Amnesty International on January 26 issued a press release concerning Rasul Kudaev, the former prisoner in the U.S. detention facility in Guantanamo Bay, Cuba, who was arrested by the authorities in Kabardino-Balkaria for alleged involvement in the rebel raid on the republic’s capital last October 13. “Rasul Kudaev who suffers from disorders affecting his heart and liver has allegedly been tortured and otherwise ill-treated in detention in Nalchik, including being subjected to beatings and electric shock treatment,” the London-based human rights group stated. “He must be given immediate and all necessary medical care and be given access to his family and a lawyer of his choice. There must be an independent and impartial investigation into allegations that Rasul Kudaev and other detainees in Nalchik have been tortured, with those found responsible brought to justice. Rasul Kudaev must be treated according to international standards relating to detention and criminal investigations. No statement extracted under duress or torture can ever be used in criminal proceedings.” Amnesty also quoted Kudaev’s mother, Fatimat Tekaeva, as saying: “Only after they had already tortured him to the point where they feared they had killed him—only then did the officer rush out and say: ‘The medicine! Give me the medicine!’ And I said: ‘Certainly, take it!’”
Kavkazky Uzel’s Luisa Orazaeva wrote in a piece published on January 27 by the Institute for War and Peace Reporting’s website that Kudaev had disappeared from the Nalchik prison in which he was being held after meeting with the Russian president’s envoy to the Southern Federal District, Dmitry Kozak, and the recently appointed president of Kabardino-Balkaria, Arsen Kanokov (see Chechnya Weekly, January 12). According to Orazaeva, Kudaev was removed from the facility, and the heads of the prison and its medical center have refused to meet his mother or answer her questions. After hearing reports that he had been transferred to a prison in the Russian town of Piatigorsk, Tekaeva phoned the jail, only to be told he was not there. Orazaeva quoted from a letter Kudaev wrote to his family after his meeting with Kozak and Kanokov, during which the two officials questioned him in detail. “Kanokov listened to how they tortured me and the veins on his neck swelled up with anger,” Kudaev’s letter said. “But of course I could not tell them all the details… In short, they saw first hand the nightmares that go on. Kanokov left very angry. You could see from his face that he isn’t a bad person. And you could see from Kozak’s [face] that he is a fair guy.”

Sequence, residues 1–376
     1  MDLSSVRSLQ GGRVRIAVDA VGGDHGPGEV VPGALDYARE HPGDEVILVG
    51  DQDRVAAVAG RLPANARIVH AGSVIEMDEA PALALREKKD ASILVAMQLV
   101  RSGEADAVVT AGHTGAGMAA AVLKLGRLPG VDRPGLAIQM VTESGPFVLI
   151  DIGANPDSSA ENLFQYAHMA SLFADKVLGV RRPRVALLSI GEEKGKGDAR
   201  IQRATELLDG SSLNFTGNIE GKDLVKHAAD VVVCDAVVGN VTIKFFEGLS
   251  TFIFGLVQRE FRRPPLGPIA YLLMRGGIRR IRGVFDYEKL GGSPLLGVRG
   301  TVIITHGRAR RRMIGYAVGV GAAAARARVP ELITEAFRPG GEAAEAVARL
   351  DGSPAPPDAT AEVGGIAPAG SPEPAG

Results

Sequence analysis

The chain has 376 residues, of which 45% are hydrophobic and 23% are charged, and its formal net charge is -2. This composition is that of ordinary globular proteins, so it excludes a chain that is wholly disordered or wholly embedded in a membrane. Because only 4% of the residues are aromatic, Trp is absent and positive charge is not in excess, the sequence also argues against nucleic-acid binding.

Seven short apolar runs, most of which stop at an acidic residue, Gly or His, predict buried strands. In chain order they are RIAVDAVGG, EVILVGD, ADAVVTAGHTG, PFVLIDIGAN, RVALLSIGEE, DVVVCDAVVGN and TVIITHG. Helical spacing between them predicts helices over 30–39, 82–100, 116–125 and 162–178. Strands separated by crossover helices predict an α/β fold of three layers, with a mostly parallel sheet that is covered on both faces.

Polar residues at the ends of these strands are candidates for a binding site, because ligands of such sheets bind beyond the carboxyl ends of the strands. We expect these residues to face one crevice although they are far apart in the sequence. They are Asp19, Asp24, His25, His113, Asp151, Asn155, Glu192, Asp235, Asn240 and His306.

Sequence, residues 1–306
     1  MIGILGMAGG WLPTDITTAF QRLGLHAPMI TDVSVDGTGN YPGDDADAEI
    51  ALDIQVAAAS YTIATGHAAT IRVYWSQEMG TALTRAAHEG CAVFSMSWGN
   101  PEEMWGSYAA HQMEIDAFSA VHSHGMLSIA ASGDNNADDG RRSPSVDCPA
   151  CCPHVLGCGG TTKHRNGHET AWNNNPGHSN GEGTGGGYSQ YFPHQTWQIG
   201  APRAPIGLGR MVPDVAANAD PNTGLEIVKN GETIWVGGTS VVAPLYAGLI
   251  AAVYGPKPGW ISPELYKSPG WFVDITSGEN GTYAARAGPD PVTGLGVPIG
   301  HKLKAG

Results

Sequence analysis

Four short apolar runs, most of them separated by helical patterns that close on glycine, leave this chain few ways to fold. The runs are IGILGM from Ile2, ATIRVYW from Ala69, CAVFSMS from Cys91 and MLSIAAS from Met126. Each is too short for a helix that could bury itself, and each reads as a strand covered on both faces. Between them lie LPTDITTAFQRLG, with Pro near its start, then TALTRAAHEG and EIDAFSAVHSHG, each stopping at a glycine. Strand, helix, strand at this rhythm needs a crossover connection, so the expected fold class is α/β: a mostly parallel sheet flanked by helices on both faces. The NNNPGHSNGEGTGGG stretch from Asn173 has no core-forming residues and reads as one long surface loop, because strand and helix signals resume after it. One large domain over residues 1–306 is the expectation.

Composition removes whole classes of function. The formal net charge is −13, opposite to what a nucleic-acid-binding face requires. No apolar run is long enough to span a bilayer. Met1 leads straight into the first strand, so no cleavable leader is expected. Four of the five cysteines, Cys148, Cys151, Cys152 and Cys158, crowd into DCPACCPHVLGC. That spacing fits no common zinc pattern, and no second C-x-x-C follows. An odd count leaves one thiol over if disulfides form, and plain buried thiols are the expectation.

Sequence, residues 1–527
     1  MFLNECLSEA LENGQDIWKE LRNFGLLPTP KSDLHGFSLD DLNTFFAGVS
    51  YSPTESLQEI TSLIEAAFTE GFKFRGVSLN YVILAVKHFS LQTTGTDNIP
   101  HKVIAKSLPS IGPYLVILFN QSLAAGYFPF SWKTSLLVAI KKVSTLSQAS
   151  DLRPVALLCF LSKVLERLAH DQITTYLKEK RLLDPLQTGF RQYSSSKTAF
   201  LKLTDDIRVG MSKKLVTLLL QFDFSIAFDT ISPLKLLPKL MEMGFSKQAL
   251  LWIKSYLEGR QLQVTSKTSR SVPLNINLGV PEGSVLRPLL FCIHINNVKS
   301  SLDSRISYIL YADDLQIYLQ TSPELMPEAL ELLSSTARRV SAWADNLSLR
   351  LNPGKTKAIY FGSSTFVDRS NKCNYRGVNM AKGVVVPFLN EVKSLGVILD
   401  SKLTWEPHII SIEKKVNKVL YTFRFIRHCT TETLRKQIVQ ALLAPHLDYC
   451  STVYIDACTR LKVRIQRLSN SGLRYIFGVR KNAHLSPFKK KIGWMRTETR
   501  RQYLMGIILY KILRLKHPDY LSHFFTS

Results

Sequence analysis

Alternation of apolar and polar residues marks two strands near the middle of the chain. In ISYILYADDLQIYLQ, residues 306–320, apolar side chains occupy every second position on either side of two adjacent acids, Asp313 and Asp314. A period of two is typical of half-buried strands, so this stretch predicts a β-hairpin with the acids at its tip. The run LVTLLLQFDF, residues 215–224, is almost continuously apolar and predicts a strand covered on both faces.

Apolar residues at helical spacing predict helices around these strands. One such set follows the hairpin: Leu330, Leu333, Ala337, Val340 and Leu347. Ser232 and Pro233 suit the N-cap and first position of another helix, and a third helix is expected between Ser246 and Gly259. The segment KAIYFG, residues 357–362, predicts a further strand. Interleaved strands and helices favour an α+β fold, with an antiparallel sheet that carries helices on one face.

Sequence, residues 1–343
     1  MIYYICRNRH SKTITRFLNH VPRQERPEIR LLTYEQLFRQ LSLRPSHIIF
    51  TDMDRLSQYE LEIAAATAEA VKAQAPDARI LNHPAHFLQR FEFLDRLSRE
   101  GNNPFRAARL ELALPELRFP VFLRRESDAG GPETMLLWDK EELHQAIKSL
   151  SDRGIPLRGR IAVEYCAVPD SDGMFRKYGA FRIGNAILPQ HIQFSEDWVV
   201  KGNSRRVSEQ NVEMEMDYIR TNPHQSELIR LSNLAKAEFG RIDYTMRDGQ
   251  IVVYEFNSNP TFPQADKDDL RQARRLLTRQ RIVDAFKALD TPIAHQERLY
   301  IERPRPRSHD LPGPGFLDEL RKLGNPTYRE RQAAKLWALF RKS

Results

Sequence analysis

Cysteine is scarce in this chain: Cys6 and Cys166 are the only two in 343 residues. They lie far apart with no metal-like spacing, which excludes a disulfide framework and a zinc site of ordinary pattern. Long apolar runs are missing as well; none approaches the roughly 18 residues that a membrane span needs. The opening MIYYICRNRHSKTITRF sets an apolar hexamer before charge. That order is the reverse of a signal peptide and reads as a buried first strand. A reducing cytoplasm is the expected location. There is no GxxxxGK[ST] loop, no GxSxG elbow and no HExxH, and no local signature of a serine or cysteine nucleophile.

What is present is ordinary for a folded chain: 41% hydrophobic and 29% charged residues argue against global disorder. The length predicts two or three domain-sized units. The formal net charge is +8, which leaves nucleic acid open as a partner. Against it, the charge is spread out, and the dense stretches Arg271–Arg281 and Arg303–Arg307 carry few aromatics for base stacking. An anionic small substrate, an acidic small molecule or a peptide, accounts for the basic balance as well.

According to Amnesty International, Rasul Kudaev is said to have traveled to Saudi Arabia in 2000 to study Islam. His family said that after his studies “he wanted to see the world” and traveled on to Iran, Uzbekistan and Afghanistan. He was reportedly seized in Afghanistan by the Northern Alliance in 2001, transferred to U.S. custody and transported onward to the U.S. Naval Base in Guantanamo Bay, Cuba, in early 2002. After two years of detention without charge or trial at Guantanamo Bay, Kudaev was transferred with seven other Guantanamo detainees into Russian custody. They were released in June 2004 after the federal Prosecutor General’s Office reportedly announced that the case against them was closed. Kudaev then returned home to Nalchik.
As Kavkazky Uzel’s Luisa Orazaeva noted in her piece for the IWPR, Kudaev is not the only person who has disappeared in Nalchik since the October 13 raid. Ruslan Nakhushev, the activist who was local coordinator of the Russian Islamic Heritage movement, went missing in November after questioning by the local security services (see Chechnya Weekly, November 10, 2005). On January 11, she reported, Zaur Pshigotyzhev, who was arrested on suspicion of involvement in the Nalchik attacks and then released, also disappeared. His car was later found in a wooded area, but his whereabouts are unknown.
On January 12, Kabardino-Balkaria President Arsen Kanokov said the believed the bodies of all suspected militants killed during the Nalchik raid should be handed over to their families for burial. He said, however, that such a decision could only be made by the federal authorities, Radio Free Europe/Radio Liberty’s North Caucasus Service reported. The bodies of the 95 alleged militants officially killed in the Nalchik raid were initially kept in refrigerated railroad cars but their current whereabouts are unknown. Russian news agencies reported on January 6 that three more participants in the Nalchik raid had been killed and one had been captured.